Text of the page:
by Nicola Phillips, Copywriter
When you open your mouth to sing, your lungs pump air into your vocal cords, contained within the larynx, which vibrate against one another. The vibrations travel up your windpipe, and the sound that comes out of your mouth depends on all these different factors — how much air your lungs pump into your vocal cords, the way the vibrations hit the roof of your mouth, the shape of your mouth as you open it.
If any of these factors changes just the tiniest bit, the frequency changes, and the sound is different. Desired frequency is a delicate balance to strike.
Sound is all about vibration, oscillations around a point of equilibrium. The rate at which something vibrates is its frequency, and frequency determines pitch, how high or low the resultant sound is.
Frequency is measured in hertz (Hz), or cycles per seconds.
Humans, depending on the strength of their hearing, can hear frequencies between 20 Hz and 20 kHz. The abilities of animals to hear frequencies vary a ton from species to species. Bats can hear up to 250 kHz, and pigeons as low as 0.05 Hz.
Energy grids also have frequencies. Most grids carry electricity as alternating current, which means the current swings between negative and positive voltage. These oscillations dictate the grid’s frequency.
The three main US grids operate at 60 Hz, with a tolerance threshold of plus or minus 0.05 Hz.
The flexibility of energy sources (how effectively and quickly supply and demand can be increased, decreased, shifted or postponed to stay aligned with one another) determines the grid’s ability to stay in balance.
Inertia is critical in maintaining consistency across an energy grid. It acts like a shock absorber for the grid. If a generator at a coal or gas plant shuts off, the kinetic energy stored in the generator’s turbines will buy time before the entire plant shuts down.
If a grid’s frequency falls too far below its reference point, blackouts occur.
The integration of more renewable energy sources increases the likelihood that the grid’s frequency will deviate beyond its reference range (i.e., that the forces of supply and demand will not line up).
For the sake of stabilizing a grid, actual frequency is less important than consistent frequency. (For example, US and EU grids have different frequencies but are comparably effective systems.) Because of this, larger national or transnational grids, which are useful in facilitating energy transmission across borders, make the job of fine-tuning the entire system that much harder.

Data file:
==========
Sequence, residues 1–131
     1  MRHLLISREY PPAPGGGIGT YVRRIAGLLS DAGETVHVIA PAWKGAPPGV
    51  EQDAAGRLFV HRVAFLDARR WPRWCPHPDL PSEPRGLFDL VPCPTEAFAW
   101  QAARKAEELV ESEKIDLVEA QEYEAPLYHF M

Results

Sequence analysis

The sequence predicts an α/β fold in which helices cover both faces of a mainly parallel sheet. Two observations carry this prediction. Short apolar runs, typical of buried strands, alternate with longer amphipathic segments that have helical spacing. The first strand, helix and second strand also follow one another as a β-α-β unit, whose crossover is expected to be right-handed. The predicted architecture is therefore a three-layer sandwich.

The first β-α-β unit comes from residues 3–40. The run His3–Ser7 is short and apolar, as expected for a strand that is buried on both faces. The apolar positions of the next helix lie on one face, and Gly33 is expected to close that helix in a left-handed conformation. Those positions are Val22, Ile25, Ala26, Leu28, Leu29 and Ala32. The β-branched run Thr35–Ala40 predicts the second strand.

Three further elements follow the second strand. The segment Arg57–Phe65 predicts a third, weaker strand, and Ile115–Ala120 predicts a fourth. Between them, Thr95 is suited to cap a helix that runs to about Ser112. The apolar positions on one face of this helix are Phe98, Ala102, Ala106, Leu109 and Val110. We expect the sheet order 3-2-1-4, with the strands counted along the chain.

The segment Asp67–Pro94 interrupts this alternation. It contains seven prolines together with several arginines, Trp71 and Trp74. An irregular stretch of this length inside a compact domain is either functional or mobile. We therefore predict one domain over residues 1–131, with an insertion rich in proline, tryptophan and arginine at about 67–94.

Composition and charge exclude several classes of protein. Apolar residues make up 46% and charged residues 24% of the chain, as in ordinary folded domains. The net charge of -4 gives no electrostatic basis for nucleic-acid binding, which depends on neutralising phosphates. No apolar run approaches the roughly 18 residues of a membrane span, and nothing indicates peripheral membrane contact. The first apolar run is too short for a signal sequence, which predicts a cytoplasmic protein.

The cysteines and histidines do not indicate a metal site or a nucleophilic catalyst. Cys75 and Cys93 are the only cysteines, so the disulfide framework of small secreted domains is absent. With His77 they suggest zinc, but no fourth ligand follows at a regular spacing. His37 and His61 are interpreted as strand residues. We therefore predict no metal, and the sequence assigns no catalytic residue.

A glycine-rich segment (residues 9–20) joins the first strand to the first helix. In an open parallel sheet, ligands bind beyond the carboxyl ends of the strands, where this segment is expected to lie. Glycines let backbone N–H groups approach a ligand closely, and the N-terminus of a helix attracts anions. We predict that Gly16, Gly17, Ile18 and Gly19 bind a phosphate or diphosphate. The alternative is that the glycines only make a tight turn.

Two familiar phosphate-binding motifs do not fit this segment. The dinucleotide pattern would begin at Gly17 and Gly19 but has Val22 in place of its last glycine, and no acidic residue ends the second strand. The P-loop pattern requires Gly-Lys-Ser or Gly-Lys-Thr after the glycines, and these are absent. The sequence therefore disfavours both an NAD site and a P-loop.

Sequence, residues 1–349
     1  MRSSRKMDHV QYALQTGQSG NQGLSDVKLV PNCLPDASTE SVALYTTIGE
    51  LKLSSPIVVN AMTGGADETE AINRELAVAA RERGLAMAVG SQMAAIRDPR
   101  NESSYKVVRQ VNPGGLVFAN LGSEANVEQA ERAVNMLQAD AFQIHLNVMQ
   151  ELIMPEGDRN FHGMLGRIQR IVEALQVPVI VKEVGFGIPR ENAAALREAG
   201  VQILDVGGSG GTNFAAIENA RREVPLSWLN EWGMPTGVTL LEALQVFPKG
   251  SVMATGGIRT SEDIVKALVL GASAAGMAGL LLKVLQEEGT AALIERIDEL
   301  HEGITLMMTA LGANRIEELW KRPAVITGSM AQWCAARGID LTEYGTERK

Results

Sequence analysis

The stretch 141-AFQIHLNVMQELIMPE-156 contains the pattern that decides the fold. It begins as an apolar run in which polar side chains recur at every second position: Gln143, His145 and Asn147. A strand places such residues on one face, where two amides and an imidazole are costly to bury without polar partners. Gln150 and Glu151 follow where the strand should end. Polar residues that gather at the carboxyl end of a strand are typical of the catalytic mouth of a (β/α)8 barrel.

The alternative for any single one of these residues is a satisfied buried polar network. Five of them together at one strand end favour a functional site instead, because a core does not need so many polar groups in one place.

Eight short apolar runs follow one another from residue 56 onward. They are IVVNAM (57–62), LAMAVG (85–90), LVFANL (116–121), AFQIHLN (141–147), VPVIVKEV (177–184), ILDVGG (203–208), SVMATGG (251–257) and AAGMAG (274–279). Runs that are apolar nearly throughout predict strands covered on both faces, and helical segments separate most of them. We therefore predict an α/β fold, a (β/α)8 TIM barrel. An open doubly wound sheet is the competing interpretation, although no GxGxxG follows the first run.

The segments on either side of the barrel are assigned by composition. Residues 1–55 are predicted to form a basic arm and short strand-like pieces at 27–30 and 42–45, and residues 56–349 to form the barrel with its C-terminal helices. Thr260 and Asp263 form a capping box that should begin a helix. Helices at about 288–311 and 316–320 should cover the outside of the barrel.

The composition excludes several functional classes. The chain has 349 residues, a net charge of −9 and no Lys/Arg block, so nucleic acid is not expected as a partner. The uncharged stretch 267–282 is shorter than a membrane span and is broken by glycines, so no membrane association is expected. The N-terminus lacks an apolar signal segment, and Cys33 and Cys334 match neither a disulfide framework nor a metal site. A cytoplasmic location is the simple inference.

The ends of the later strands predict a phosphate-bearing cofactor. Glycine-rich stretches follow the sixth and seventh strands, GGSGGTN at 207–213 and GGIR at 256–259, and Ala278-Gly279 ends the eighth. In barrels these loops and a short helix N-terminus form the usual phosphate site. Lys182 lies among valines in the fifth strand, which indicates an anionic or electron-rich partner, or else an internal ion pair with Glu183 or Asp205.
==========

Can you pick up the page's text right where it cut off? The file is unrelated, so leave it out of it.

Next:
Localized energy grids have the potential to create what the DOE is newly calling energysheds — confined geographic areas in which energy is produced where it is consumed. From a bird’s eye view, many smaller grids look a lot more fragmented than a single large one, but it’s also a lot easier to maintain consistency across a smaller geographic area.
Our energy grid is vast, and we can’t see it all at once. So, how do we understand it?
Project Tapestry is an initiative by “moonshot incubator” X (originally Google X, founded by Google in 2010, now a subsidiary of Alphabet). The incubator houses many moonshot projects. This one seeks to understand our increasingly complex energy grid and adapt it to a changing energy landscape — and world — by creating a singular, virtualized view of the grid.
Powerful sensors provide copious amounts of data at an intricate level of detail, all geared toward enhancing our understanding of the world’s most complex system.
Tapestry isn’t just providing insight into the existing grid. The project develops tools that can simulate a grid anywhere, at any time scale. The tools can reach into the future, imagine new realities, adjust and re-adjust their conditions. In short, Tapestry wants to fine-tune the grid.
Using technology to understand a system through its frequencies is not new. The human voice can also be manipulated, distorted by electronic synthesizers, stretched and doubled back on itself until it is something entirely new.
The result is often unexpected, and sometimes beautiful.
Understanding the frequency of a being is a science that presents like an art. It requires precision. There is no room for wrong answers. But the end result, for non-scientists at least, is often a feeling.
We know the pitch works because “there is a warmth in the track.” We know the grid works because we do not agonize over it. Most of us are not laboring over (metaphorical) piles of data, monitoring whether the Hzs stay within 0.05 of their target point. Most of us don’t spend much time thinking about the larynx, or whether opening our mouth in an O shape versus a 0 shape will have a noticeable effect on the sound produced.
But we know what perfect pitch sounds like when we hear it.